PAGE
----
private IBuffer m_buffer;
            private float* m_dataPtr;
     
            public uint Length
            {
                get { return m_buffer.Capacity / sizeof(float); }
            }
     
            public float this[int key]
            {
                get
                {
                    if (key > this.Length)
                        throw new IndexOutOfRangeException();
     
                    return m_dataPtr[key];
                }
                set
                {
                    if (key > this.Length)
                        throw new IndexOutOfRangeException();
     
                    m_dataPtr[key] = value;
                }
            }
     
            public FloatBuffer(IBuffer buffer)
            {
                m_buffer = buffer;
                m_dataPtr = (float*)((IBufferByteAccess)buffer).Buffer;
            }
        }
    }

Using this helper class, I can create a simple lookup-table-based Oscillator class in C# that generates a pure Sin wave that can plug in to my C++/CX AudioRenderer class. That way, only the base WASAPI hooks are in C++ and my audio generation code can remain in C# if I want it that way.

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    using System;
    using System.Collections.Generic;
    using System.Text;
    using Windows.Storage.Streams;
     
    namespace BeatBuilder.Audio
    {
        public class Oscillator : ISoundSource
        {
            private static int LOOKUP_SAMPLE_COUNT = 2048;
     
            private bool m_isOn = false;
            private double m_frequency = 440;
            private double m_phaseDelta;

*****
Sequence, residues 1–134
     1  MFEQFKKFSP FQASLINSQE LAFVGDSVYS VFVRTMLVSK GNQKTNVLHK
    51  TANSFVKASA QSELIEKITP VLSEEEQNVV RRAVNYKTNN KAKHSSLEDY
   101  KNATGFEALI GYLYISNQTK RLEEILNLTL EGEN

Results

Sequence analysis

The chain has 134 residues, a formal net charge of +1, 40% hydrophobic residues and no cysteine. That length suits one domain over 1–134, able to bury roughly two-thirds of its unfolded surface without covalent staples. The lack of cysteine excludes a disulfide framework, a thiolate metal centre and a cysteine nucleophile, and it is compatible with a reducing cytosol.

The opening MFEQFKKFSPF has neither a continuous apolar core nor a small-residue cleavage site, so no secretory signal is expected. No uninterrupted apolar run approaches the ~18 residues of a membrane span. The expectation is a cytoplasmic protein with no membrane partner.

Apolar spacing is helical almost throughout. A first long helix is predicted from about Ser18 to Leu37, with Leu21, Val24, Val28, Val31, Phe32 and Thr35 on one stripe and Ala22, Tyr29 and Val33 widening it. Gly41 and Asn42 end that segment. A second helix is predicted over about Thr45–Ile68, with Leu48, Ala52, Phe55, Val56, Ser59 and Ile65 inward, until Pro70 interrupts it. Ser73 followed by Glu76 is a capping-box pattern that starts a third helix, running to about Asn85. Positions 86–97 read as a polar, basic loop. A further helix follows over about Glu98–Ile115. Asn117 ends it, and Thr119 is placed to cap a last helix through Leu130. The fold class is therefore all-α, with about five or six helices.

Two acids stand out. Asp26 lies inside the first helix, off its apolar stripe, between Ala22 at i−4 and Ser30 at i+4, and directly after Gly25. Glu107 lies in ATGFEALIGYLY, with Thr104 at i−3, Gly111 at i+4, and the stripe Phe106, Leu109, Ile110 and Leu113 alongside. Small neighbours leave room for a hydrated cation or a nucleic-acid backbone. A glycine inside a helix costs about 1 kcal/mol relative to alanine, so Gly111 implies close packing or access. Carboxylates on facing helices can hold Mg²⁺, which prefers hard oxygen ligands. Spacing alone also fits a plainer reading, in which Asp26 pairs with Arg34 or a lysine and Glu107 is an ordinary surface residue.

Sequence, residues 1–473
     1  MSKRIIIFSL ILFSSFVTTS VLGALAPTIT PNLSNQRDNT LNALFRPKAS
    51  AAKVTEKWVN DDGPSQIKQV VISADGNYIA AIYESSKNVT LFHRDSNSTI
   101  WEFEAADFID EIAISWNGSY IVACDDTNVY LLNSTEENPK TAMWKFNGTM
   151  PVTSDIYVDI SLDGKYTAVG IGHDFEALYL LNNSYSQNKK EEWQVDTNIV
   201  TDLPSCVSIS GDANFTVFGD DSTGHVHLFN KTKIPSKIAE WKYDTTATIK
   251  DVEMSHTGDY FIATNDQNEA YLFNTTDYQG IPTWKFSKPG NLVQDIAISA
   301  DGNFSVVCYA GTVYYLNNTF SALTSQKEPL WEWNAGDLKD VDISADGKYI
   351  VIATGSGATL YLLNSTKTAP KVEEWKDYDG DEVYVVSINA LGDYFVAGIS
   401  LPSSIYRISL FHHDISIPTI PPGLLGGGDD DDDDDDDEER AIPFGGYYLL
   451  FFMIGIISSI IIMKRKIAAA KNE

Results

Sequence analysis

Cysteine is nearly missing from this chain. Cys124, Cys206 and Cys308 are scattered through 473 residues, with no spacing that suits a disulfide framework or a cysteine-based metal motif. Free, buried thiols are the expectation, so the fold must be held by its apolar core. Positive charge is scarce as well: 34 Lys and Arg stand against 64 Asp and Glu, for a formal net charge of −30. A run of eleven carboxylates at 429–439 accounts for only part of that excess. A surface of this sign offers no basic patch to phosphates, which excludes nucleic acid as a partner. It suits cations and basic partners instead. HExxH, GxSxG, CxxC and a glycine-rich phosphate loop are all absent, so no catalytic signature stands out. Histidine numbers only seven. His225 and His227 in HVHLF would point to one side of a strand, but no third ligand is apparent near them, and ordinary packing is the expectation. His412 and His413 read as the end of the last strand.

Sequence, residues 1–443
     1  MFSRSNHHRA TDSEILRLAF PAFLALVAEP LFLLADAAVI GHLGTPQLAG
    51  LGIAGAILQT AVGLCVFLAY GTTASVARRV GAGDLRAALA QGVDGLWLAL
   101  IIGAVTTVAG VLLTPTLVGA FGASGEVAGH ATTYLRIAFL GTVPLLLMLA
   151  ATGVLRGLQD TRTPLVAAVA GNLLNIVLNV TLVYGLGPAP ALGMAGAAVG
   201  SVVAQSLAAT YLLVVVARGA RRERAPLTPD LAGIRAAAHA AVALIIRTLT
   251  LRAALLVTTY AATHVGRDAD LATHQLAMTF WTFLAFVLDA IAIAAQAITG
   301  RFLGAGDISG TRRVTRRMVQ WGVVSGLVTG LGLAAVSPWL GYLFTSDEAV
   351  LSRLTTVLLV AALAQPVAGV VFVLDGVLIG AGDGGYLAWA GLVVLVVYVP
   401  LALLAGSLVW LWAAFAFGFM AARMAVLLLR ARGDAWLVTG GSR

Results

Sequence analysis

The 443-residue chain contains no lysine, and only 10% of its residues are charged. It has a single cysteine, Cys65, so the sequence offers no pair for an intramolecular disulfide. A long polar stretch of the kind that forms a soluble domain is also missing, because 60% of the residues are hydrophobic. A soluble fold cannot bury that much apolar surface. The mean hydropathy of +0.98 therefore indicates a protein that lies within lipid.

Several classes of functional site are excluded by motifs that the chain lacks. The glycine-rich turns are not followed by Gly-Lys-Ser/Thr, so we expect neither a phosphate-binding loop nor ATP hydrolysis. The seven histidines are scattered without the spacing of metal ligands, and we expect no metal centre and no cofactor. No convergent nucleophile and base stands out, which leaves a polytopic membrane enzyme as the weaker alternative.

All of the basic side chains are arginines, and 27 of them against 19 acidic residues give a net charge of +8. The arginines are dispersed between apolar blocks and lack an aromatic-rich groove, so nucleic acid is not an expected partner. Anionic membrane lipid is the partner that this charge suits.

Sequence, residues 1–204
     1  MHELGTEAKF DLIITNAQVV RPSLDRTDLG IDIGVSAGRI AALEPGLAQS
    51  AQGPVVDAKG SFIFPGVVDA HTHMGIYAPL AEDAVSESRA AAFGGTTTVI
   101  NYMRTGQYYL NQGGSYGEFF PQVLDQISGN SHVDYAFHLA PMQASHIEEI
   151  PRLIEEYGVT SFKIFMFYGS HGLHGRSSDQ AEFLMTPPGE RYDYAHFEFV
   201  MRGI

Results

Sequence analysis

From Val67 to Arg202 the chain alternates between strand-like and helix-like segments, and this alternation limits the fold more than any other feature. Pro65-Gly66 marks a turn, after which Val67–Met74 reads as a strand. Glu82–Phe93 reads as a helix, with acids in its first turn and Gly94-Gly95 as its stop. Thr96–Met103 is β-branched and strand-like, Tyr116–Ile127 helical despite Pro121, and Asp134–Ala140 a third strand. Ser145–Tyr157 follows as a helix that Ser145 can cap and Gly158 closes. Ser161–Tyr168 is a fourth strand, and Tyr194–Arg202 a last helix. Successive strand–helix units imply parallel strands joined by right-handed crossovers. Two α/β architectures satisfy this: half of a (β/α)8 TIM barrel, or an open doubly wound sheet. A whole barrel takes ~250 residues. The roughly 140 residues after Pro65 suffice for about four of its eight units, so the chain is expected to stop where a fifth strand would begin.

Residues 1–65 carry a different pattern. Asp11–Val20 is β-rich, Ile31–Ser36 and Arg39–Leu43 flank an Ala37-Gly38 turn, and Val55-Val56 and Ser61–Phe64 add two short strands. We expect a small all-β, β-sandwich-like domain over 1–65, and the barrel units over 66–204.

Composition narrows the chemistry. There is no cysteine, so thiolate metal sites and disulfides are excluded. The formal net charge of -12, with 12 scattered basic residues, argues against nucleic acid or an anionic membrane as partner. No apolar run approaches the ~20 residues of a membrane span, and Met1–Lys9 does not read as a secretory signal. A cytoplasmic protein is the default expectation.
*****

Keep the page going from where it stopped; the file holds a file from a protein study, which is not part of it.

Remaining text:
private double m_phaseAccumulator;
            private float[] m_sampleLookup;
            private WaveFormat m_waveFormat;
     
            public Oscillator()
            {
                m_sampleLookup = new float[LOOKUP_SAMPLE_COUNT];
     
                // Build just a sin-wave lookup table for now
                for(int i = 0; i < m_sampleLookup.Length; i++)
                {
                    m_sampleLookup[i] = (float)Math.Sin((2 * Math.PI) * (i / (double)LOOKUP_SAMPLE_COUNT));
                }
            }
     
            private WaveFormat WaveFormat
            {
                set
                {
                    m_waveFormat = value;
                    Recalibrate();
                }
            }
     
            public void TurnOn()
            {
                m_isOn = true;
            }
     
            public void TurnOff()
            {
                m_isOn = false;
            }
     
            public void FillNextSamples(IBuffer bufferToFill, int frameCount, int channels, int sampleRate)
            {
                if (m_isOn)
                {
                    var floatBuffer = new FloatBuffer(bufferToFill);
     
                    // The lookup table is just Mono, so need to output appropriate channels
                    for (int i = 0; i < floatBuffer.Length; i=i+channels)
                    {
                        for (int j = 0; j < channels; j++)
                        {
                            floatBuffer[i+j] = m_sampleLookup[(int)m_phaseAccumulator];
                        }
     
                        m_phaseAccumulator = (m_phaseAccumulator + m_phaseDelta) % LOOKUP_SAMPLE_COUNT;
                    }
                }
            }
     
            public void SetWaveFormat(WaveFormat format)
            {
                this.WaveFormat = format;
            }
     
            private void Recalibrate()
            {
                // The wave format of oscillator frequency has changed, so recalibrate oscillator
                m_phaseDelta = (LOOKUP_SAMPLE_COUNT * m_frequency) / m_waveFormat.SamplesPerSecond;
            }
        }
    }

As mentioned above, all of this is now reflected in the Beat Builder project on GitHub. Just check out Oscillator.cs and BufferHelpers.cs (and AudioRenderer.cpp if you want to see the hook into WASAPI and how I call out to sound generators, a.k.a. classes that implement ISoundSource that the renderer is listening to).

Updated: